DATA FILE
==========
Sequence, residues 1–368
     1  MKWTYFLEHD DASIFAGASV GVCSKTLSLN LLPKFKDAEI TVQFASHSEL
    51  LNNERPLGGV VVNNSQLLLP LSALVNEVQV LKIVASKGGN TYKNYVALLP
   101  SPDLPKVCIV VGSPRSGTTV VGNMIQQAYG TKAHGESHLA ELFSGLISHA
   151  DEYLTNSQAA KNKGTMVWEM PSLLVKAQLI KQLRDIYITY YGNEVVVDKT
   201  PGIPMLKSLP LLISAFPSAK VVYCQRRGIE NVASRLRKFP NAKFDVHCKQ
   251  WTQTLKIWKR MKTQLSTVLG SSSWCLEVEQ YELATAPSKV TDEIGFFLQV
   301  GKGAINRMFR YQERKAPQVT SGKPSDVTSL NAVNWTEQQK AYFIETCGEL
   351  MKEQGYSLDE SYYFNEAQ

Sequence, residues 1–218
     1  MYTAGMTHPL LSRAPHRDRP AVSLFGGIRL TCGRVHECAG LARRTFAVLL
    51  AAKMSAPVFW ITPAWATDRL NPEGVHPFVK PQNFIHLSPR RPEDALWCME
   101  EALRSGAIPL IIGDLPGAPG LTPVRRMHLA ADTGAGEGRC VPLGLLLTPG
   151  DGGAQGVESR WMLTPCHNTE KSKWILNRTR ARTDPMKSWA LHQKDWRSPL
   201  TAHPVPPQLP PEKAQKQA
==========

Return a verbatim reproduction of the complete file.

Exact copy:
Sequence, residues 1–368
     1  MKWTYFLEHD DASIFAGASV GVCSKTLSLN LLPKFKDAEI TVQFASHSEL
    51  LNNERPLGGV VVNNSQLLLP LSALVNEVQV LKIVASKGGN TYKNYVALLP
   101  SPDLPKVCIV VGSPRSGTTV VGNMIQQAYG TKAHGESHLA ELFSGLISHA
   151  DEYLTNSQAA KNKGTMVWEM PSLLVKAQLI KQLRDIYITY YGNEVVVDKT
   201  PGIPMLKSLP LLISAFPSAK VVYCQRRGIE NVASRLRKFP NAKFDVHCKQ
   251  WTQTLKIWKR MKTQLSTVLG SSSWCLEVEQ YELATAPSKV TDEIGFFLQV
   301  GKGAINRMFR YQERKAPQVT SGKPSDVTSL NAVNWTEQQK AYFIETCGEL
   351  MKEQGYSLDE SYYFNEAQ

Sequence, residues 1–218
     1  MYTAGMTHPL LSRAPHRDRP AVSLFGGIRL TCGRVHECAG LARRTFAVLL
    51  AAKMSAPVFW ITPAWATDRL NPEGVHPFVK PQNFIHLSPR RPEDALWCME
   101  EALRSGAIPL IIGDLPGAPG LTPVRRMHLA ADTGAGEGRC VPLGLLLTPG
   151  DGGAQGVESR WMLTPCHNTE KSKWILNRTR ARTDPMKSWA LHQKDWRSPL
   201  TAHPVPPQLP PEKAQKQA